The magic of these repetitive sequences of arches derives from their unbroken lines of shadow, retreating gracefully into the distance. While including passers-by provides a helpful reference for scale, too many will clutter the scene and obscure that elongated view.
One strategy for avoiding unwelcome intruders is to wait patiently for a gap in the crowds or for a single individual to appear in the right spot. Patience is a virtue in most endeavours and a prerequisite for architectural photography.
An alternative approach is to visit the scene at a quiet time, for example early in the morning. Unfortunately, the most interesting shadow patterns are sometimes visible only later in the day, when the sun has risen fully and the crowds are out.
Talking of shadows, an intrinsic feature of these structures is the extreme difference in illumination between the surfaces exposed to direct sunlight and those shielded by stonework. This results in gorgeous shadow patterns echoing into the distance, but a challenge in managing the resultant high contrast.
In very bright sunlight, I use exposure compensation to under-expose by at least a stop, confident I can recover the shadow detail courtesy of the superb sensors in my Leica Q2 or SL2, together with post-processing in Lightroom.
The third common challenge is control of perspective. Since photographs of these walkways contain repeating sequences of vertical lines, I strongly prefer images in which these uprights are nearly or perfectly upright.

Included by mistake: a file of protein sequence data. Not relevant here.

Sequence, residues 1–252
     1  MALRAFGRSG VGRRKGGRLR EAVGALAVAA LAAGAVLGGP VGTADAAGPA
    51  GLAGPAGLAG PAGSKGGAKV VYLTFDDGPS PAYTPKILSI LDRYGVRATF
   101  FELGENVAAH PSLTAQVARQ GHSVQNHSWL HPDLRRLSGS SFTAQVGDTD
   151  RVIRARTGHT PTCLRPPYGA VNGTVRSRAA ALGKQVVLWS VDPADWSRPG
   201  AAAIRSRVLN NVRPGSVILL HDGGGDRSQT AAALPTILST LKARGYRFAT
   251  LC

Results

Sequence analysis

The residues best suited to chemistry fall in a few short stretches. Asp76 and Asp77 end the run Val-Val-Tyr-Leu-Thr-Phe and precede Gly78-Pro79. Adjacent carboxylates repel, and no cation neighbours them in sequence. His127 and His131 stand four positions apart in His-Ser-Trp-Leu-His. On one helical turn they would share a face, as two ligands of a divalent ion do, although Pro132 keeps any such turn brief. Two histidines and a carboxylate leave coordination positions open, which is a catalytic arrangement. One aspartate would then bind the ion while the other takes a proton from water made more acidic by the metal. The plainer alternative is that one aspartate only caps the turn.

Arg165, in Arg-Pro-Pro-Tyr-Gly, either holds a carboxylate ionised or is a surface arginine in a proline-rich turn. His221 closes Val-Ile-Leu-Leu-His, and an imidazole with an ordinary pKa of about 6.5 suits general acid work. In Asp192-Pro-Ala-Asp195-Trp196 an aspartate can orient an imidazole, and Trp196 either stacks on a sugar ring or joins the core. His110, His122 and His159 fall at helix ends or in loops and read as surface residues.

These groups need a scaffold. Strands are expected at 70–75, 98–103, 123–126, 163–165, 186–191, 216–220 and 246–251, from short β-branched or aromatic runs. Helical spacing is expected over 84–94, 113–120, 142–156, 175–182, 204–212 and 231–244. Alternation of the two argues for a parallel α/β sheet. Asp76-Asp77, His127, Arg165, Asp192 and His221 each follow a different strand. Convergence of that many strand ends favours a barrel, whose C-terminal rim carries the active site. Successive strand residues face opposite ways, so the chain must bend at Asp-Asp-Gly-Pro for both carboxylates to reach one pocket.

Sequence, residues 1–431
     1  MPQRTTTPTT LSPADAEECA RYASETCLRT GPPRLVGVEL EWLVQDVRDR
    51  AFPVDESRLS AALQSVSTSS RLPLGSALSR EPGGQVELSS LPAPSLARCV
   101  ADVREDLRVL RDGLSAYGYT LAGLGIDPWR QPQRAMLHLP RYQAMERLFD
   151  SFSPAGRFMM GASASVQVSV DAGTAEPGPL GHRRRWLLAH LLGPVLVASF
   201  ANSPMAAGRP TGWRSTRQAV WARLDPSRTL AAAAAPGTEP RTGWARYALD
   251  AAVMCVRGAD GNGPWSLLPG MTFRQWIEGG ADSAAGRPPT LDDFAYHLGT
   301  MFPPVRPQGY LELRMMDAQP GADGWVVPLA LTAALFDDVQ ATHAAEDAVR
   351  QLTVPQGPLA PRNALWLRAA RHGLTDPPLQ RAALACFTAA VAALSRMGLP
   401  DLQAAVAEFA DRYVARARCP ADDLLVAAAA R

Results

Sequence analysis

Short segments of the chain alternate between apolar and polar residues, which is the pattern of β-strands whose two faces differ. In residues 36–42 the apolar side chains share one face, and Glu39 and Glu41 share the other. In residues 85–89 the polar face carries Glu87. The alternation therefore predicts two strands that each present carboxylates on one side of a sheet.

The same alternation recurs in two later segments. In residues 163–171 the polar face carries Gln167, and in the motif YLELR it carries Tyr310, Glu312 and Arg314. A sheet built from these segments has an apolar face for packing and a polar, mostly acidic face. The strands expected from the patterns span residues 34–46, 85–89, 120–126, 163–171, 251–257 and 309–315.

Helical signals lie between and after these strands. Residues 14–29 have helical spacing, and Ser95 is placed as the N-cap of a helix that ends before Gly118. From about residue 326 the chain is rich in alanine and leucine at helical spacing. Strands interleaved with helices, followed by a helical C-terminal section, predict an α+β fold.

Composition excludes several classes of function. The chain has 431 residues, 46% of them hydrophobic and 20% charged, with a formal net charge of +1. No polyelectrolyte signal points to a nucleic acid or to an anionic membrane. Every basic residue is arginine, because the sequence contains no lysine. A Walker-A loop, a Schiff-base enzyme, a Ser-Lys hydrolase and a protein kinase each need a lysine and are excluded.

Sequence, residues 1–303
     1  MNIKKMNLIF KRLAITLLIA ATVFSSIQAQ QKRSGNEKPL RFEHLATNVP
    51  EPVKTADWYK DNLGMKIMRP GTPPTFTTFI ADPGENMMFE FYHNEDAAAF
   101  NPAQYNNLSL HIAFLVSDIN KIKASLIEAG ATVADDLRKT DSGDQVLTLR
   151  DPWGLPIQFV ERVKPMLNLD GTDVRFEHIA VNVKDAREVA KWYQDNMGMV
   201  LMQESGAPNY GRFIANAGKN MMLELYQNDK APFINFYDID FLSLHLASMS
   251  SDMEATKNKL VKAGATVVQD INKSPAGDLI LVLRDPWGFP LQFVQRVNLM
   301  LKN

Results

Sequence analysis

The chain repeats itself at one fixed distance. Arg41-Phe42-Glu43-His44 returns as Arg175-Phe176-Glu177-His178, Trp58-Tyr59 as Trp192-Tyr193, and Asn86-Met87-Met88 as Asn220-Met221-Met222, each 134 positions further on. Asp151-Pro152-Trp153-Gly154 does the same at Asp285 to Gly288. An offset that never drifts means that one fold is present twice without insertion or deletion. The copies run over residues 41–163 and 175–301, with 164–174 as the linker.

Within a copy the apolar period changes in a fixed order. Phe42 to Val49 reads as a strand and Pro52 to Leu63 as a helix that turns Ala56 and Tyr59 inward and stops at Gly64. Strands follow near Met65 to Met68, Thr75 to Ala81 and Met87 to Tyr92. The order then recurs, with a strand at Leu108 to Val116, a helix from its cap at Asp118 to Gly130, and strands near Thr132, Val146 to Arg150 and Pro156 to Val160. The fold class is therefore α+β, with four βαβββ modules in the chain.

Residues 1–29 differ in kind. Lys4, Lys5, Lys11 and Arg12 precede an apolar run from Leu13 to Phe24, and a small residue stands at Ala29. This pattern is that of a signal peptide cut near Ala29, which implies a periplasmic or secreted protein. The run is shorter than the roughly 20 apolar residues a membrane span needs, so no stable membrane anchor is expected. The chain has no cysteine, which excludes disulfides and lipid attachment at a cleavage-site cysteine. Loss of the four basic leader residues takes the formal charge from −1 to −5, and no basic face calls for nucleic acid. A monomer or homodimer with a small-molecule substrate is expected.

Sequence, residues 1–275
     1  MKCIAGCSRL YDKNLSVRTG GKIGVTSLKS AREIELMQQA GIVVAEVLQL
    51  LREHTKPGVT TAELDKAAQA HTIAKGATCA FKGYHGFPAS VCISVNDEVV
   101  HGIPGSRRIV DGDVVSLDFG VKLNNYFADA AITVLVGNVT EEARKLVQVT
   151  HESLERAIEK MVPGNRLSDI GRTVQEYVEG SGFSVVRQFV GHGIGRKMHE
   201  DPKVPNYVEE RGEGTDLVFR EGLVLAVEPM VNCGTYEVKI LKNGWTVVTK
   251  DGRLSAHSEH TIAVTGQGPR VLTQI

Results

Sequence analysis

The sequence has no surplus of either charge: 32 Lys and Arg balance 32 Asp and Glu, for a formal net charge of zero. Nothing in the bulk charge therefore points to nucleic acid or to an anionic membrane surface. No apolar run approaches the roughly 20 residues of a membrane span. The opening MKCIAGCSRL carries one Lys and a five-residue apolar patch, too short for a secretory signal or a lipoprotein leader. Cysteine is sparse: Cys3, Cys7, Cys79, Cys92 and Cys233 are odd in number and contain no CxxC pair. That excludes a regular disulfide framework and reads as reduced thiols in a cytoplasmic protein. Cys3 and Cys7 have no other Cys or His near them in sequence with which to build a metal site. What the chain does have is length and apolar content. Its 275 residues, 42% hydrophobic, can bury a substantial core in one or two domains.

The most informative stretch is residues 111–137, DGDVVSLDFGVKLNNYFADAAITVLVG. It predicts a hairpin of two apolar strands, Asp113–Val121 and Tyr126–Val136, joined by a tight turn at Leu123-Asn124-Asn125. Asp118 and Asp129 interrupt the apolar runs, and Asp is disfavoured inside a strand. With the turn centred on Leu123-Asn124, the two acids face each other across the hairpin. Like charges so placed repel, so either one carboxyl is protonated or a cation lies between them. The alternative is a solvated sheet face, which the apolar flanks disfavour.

Most readers are probably aware that Lightroom has an impressive suite of controls for adjusting image geometry. However, aggressive correction of verticals can result in a significant loss of pixels at the lower corners of the image.
I therefore try to take the photograph with the lens-sensor axis as horizontal as possible while capturing as much roof and floor area as I can. This often means pacing back and forth at my chosen spot, taking multiple shots and apologising to people waiting to pass.
I took many of these photographs with a Leica Q2, my travel camera, during visits to European cities. Oriented in portrait mode, the field of view of its 28mm lens was sufficient to capture all the arcades I encountered. When activated in the viewfinder, the crosshairs and horizon line helped frame these highly symmetrical subjects. Tackling buildings closer to home, I used a Leica SL2 coupled with a Sigma Art-series f/2.8 14-24mm wide-angle zoom, permitting the use of landscape mode in several cases.
Posting on Instagram requires cropping photos in portrait orientation to a 4×3 format. This is a nuisance, sometimes making it impossible to include both base of column and ceiling features. Happily, Macfilos embraces photos in their native format.
The ancient designers of covered walkways who introduced those repetitive arches and columns delivered a functional architectural form with striking visual impact. Can today’s architects match their achievements?
Although we are unlikely to see many new examples replicating these classical structures, modern design can still draw upon the principles of columns, repetition and perspective.
Above is an example from the spectacular T4 terminal of the Adolfo Suárez Madrid-Barajas Airport in Madrid, designed by the architectural team of Antonio Lamela, Richard Rogers and Luis Vidal. The columns may be steel and non-vertical, and the ceiling might incorporate acoustic dampening, but the conceptual resemblance is unmistakable.
Hopefully, there is a treatment out there for my arcade OCD. In the meantime, I hope to discover more examples of these architectural gems to add to my collection.
Let me know in the comments section if you have come across any arcades I should track down and photograph or if you are afflicted by a similar fixation, perhaps for domes, railway stations or cowsheds. It takes all sorts.